We're all familiar with some of the great rare cars of the past 100 years—the Tucker Torpedo, the Alfa Romeo 33 Stradale, the Wagon Queen Family Truckster—but at this point we can safely say that the 1955 Mercedes-Benz 300 SLR Uhlenhaut takes the absolute top spot, at least in terms of eye-watering financials:
A 1955 Mercedes-Benz, one of only two of its kind, was auctioned off earlier this month for a whopping 135 million euros ($143 million), making it the most expensive car ever sold, RM Sotheby's announced Thursday.
The Mercedes-Benz 300 SLR Uhlenhaut was sold to a private collector, the classic car auction company said in a statement, fetching almost triple the previous record price for a car, which was set in 2018 by a 1962 Ferrari 250 GTO that went for over $48 million.
The invitation-only auction took place on May 5 at the MercedesBenz Museum in Stuttgart, Germany, the auction house said, adding that the vehicle's high price places it in the "top 10 most valuable items ever sold at auction in any collecting category".
Sooo let me get this straight: Not only did this thing set a world record for cost, it nearly tripled the previous record, and managed to be among the "top 10 most valuable items ever sold at auction?"
Gotta admit, the 300 SLR Uhlenhaut has a pretty sweet profile:
The spirited lines of the body, with its elongated bonnet, were complemented by the striking proportions of the side-mounted exhaust pipes, the air vents and the wire-spoke wheels. The cockpit, with its curved wraparound windscreen, was elegantly sculptured. Rudolf Uhlenhaut referred to his latest automotive work of art as a ‘hot-heeled touring car', and the 300 SLR Coup© lived up to its billing. Weighing only 1117 kilograms yet developing 310 horsepower, the Uhlenhaut Coup© accelerated to a maximum speed approaching 290 km/h in testing (the manufacturer's data showed a top speed of 284 km/h). This made the two-seater the fastest car of its time to be registered for use on public roads, as well as ‘one of the most exciting cars that Mercedes-Benz has ever built,' as motorsport guru Karl Ludvigsen later observed.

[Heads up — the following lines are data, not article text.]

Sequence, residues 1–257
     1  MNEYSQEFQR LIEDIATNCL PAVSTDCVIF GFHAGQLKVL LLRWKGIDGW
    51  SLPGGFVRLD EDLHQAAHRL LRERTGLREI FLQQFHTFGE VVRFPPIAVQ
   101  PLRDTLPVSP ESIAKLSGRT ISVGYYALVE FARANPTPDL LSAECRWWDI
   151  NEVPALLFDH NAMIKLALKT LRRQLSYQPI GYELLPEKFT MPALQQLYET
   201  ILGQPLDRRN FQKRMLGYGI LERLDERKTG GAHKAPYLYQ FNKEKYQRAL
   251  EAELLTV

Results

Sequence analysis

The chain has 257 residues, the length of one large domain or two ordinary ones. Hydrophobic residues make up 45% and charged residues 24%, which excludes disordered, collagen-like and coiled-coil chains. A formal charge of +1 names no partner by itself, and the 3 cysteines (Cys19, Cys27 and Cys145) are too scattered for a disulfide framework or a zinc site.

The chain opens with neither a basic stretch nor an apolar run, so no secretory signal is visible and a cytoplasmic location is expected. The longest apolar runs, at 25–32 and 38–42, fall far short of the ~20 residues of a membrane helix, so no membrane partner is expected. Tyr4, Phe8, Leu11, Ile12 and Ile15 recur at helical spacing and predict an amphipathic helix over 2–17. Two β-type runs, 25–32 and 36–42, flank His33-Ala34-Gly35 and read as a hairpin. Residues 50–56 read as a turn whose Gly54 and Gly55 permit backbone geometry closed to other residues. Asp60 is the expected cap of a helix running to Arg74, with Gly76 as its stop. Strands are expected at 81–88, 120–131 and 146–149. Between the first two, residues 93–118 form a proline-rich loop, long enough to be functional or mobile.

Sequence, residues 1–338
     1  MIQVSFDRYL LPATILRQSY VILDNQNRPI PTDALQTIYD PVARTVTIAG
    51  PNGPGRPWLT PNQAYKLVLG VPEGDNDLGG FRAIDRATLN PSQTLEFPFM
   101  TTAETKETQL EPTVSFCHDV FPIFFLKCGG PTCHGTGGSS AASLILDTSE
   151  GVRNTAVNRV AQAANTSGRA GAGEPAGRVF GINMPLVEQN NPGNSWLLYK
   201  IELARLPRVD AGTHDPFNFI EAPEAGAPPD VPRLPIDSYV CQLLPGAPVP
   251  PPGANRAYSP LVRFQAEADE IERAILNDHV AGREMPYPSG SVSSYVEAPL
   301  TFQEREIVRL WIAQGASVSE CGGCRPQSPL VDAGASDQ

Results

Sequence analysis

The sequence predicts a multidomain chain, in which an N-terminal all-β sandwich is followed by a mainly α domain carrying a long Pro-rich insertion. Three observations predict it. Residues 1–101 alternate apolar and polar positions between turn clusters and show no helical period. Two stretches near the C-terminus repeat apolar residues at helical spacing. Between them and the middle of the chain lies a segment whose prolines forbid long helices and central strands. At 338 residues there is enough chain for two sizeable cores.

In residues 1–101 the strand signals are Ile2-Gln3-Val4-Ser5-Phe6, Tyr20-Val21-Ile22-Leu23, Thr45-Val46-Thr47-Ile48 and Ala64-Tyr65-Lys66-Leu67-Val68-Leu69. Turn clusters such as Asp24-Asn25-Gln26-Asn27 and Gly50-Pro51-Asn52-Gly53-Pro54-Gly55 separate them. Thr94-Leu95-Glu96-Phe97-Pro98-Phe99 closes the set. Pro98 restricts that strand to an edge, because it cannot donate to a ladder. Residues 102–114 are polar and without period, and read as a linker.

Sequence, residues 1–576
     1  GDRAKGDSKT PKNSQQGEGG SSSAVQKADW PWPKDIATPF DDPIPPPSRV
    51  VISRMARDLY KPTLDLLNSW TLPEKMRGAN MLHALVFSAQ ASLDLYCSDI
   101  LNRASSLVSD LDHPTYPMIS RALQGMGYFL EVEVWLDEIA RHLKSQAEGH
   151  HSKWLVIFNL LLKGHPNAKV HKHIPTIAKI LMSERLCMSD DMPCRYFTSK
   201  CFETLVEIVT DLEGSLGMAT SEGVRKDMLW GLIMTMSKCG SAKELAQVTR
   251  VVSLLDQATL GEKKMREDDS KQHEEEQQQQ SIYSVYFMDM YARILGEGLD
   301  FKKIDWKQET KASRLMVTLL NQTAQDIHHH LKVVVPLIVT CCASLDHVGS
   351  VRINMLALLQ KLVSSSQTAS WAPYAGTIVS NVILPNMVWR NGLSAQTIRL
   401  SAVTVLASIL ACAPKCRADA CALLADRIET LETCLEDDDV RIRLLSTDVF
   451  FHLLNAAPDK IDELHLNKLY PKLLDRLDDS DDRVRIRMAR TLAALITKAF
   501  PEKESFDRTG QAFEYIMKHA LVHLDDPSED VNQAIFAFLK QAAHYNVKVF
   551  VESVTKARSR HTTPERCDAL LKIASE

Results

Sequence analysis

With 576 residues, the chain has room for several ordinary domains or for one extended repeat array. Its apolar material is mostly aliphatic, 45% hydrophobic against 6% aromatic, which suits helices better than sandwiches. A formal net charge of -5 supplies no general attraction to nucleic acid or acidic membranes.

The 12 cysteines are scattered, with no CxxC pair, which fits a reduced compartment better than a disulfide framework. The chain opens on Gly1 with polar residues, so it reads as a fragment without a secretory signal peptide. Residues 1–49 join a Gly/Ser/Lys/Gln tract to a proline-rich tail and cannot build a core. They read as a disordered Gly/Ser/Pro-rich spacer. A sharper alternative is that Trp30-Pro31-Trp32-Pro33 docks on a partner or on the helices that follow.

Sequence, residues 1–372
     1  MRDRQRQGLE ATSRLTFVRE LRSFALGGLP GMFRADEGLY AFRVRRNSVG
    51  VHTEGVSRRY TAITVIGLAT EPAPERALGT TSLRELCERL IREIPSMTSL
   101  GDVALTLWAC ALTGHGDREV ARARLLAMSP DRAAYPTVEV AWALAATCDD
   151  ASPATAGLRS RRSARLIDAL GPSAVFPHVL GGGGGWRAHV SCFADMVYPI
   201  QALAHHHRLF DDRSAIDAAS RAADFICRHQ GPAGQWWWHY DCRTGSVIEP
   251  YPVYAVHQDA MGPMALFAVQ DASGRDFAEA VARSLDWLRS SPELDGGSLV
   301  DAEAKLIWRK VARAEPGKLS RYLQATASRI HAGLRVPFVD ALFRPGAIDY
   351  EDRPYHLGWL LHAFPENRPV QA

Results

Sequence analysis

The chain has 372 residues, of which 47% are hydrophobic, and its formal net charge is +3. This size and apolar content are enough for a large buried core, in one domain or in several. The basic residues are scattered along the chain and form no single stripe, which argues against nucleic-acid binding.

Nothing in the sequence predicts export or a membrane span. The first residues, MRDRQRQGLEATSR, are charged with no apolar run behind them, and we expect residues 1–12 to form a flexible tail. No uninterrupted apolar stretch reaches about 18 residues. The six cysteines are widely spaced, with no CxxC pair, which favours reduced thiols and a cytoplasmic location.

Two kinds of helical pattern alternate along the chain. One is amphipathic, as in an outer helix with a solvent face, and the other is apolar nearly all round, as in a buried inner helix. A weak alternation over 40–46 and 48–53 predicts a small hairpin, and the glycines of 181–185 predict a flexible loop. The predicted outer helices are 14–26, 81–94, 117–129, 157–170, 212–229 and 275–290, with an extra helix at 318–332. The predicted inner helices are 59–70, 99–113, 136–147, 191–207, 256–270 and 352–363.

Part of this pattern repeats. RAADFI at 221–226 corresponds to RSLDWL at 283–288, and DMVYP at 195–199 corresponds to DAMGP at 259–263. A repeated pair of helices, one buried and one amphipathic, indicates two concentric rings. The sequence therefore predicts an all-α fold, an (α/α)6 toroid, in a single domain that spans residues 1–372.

However, the lightning-fast SLR Coup© never made it into series production. The Stuttgart-based car maker felt that the mid-1950s was not the right time to bring out a powerful sports tourer of this kind, leaving the road version of the SLR to fall into oblivion. As Mercedes pulled out of motorsport in 1955, the SLR Coup© project was put on ice. Only two prototypes of this masterpiece of power and elegance were ever built and yet this wonderful car had still become a legend in its own right.
Here's some footage of this bad boy going round a track:
I still can't get over the price. $143 MILLION ... for a car.
Something tells me the buyer won't be driving this thing much!
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